Charger recommendation?

I’m ready to order a 3pi, but am wondering what sort of battery charger I need. Any recommendations? The more specific the better; I’m new to robotics and have never even visited a hobby/rc store!

BTW, it would be really nice if Pololu sold a suitable charger, perhaps in a combination deal with a 3pi, programmer, batteries and charger. It would be nice to just open the box and have everything I need to get started.



I haven’t used this one in particular, but it looks like it should be nice:

The features you want are ability to charge 4 NiMH cells in series (they are usually in battery packs, not in battery holders like on the 3pi) and to be powered by AC (a wall outlet). In general, having more flexibility (1-8 cells in the example I linked to) is nice for future projects.

Also, since the 3pi just uses ordinary AAA batteries, you can buy battery chargers (into which you stick the batteries) at most general electronics stores. For example, I saw this at the Radio Shack web site:

The small downside to a charger like that is that you have to remove the batteries from the 3pi to charge them.

Thanks for the feedback about getting chargers. We’re on the lookout for something appropriate, but it’s difficult for us to sell things competitively when you can get them at Costco or Best Buy.

- Jan

Thanks for the quick reply, Jan. I had considered the out-of-circuit charger but would not want to have to remove the batteries each time. It looks like the LCD needs to be removed to get to the batteries, and I’d be concerned about a connection failure after a while.

It looks like this particular charger has spring-loaded terminals, so I’d need to make up a cable to connect it to the 3pi. What sort of connector would I need for that?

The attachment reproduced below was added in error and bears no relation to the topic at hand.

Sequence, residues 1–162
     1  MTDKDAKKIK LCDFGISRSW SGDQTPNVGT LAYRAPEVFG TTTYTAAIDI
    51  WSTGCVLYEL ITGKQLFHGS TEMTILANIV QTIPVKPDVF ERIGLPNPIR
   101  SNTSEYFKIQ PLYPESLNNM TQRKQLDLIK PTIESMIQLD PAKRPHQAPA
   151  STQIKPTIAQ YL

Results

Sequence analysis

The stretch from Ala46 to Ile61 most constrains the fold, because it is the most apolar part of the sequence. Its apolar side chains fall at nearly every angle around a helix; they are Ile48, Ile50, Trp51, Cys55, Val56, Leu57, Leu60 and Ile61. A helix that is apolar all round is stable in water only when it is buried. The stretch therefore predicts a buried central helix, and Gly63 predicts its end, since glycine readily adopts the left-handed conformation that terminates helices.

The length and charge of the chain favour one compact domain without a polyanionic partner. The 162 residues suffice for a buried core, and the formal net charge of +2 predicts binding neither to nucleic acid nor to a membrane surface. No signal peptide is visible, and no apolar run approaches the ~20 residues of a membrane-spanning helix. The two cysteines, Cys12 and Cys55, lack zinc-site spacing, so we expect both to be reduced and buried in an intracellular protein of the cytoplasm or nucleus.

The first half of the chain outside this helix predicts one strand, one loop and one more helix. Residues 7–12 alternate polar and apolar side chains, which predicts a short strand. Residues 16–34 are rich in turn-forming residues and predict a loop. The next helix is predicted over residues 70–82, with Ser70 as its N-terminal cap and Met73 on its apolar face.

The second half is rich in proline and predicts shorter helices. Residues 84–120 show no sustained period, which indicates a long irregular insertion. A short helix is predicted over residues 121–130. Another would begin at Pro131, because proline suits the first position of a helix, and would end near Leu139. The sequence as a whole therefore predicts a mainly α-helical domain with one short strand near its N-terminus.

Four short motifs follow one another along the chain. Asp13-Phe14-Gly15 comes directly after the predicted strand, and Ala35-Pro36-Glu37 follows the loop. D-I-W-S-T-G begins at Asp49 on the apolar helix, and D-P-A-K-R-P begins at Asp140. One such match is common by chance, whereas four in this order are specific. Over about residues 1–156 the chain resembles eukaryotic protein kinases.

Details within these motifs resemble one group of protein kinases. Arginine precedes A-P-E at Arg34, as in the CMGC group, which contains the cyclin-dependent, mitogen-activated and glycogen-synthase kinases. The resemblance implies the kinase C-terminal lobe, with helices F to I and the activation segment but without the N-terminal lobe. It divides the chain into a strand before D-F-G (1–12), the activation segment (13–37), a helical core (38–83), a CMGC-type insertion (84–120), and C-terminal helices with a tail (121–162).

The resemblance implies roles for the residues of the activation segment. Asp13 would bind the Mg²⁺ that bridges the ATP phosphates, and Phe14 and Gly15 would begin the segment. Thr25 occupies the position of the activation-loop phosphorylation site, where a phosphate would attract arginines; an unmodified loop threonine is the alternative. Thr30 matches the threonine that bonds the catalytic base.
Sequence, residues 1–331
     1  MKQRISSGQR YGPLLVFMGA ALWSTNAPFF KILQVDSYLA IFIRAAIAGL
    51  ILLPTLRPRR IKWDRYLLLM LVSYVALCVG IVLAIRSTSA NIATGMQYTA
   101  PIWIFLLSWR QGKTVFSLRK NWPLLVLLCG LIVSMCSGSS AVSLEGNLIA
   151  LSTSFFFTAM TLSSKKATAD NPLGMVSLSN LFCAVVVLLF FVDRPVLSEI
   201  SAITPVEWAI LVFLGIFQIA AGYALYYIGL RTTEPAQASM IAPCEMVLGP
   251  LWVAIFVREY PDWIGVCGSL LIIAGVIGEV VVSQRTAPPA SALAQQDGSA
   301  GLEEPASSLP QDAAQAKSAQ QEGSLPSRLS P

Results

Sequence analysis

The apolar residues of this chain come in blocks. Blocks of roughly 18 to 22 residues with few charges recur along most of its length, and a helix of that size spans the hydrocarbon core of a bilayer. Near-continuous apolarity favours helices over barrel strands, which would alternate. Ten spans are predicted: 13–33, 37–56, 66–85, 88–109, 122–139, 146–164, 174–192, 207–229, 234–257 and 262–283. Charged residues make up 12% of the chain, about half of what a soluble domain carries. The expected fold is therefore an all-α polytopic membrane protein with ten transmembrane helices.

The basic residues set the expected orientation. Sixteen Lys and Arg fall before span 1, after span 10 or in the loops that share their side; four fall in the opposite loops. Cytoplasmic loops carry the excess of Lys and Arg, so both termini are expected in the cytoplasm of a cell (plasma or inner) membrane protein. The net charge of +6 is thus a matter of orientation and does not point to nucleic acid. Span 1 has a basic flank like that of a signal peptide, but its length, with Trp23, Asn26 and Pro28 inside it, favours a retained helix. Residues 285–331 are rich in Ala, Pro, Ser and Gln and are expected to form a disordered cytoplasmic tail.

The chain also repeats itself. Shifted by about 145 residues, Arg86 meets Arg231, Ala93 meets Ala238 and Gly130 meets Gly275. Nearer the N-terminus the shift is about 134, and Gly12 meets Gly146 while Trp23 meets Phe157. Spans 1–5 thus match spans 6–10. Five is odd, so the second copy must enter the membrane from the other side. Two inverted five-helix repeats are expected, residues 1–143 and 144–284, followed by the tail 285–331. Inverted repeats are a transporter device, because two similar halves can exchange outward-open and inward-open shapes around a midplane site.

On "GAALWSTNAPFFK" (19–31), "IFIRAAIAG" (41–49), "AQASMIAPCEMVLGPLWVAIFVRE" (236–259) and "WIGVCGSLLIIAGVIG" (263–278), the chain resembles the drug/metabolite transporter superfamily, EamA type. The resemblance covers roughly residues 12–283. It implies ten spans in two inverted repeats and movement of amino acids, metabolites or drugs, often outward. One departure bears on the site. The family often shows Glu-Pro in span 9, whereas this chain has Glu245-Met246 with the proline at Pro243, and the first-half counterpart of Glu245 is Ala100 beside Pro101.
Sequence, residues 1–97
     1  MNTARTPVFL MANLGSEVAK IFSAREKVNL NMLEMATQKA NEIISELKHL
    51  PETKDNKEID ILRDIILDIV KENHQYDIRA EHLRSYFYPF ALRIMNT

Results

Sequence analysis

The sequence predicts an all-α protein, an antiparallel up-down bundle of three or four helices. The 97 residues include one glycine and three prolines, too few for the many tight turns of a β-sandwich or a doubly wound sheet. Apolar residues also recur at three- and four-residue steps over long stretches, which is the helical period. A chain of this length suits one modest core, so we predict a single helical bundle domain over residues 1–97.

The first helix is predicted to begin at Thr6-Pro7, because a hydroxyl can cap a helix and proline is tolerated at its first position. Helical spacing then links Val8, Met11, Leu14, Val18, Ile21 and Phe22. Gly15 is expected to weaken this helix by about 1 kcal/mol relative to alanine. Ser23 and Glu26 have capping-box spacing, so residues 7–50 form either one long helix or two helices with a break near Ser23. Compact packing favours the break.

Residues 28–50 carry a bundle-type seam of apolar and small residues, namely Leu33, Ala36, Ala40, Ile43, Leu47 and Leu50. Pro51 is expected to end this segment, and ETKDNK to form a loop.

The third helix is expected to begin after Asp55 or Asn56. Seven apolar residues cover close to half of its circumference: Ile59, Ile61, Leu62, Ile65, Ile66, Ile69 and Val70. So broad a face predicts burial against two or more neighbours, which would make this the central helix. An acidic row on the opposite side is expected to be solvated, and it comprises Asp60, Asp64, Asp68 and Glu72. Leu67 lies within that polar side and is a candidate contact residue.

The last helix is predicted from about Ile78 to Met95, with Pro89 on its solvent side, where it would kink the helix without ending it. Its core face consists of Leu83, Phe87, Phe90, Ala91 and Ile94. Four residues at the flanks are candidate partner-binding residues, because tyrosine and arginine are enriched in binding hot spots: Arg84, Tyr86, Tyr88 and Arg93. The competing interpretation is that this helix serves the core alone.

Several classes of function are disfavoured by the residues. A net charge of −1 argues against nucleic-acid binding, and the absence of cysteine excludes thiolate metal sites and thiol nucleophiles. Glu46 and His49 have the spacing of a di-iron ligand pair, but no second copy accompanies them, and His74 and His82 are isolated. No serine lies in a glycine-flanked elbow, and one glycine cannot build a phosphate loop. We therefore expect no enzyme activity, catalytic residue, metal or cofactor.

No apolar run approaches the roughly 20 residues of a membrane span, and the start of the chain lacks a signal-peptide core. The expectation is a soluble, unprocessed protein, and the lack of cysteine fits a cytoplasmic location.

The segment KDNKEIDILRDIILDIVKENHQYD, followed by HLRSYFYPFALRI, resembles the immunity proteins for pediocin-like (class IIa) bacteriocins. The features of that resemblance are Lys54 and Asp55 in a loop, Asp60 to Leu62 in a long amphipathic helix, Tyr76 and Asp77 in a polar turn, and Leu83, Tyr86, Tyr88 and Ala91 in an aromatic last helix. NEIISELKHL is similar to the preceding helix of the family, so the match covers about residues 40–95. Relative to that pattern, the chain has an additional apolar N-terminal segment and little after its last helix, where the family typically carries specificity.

Any other charger suggestions from anyone are still welcome, preferably something simpler and more “plug and play”-like if such a thing exists.



You can simply use two jumper wires, plugging one side of each into the spring-loaded terminals and the other side directly into the female charge header on the 3pi. Additionally, you could solder the two wires to a 2x1 male header strip or right-angle male header strip, which would plug directly into the 2x1 female charge header. The single-row male headers come with 25 pins, but they can be broken into smaller strips as desired.

- Ben

Thanks, Ben, I have some male headers left from an Arduino project and will go that route.

Sorry to ask such basic questions, I represent the “people with C programming experience who want to learn robotics” element of your target market and some of this is new to me!

Thanks for the help, I’m looking forward to getting started.

No problem at all, everyone’s got to learn somewhere. I hope the 3pi gives you a fun and informative introduction to robotics! Good luck with your projects and don’t hesitate to post here if you have further questions.

- Ben

If I can offer a suggestion -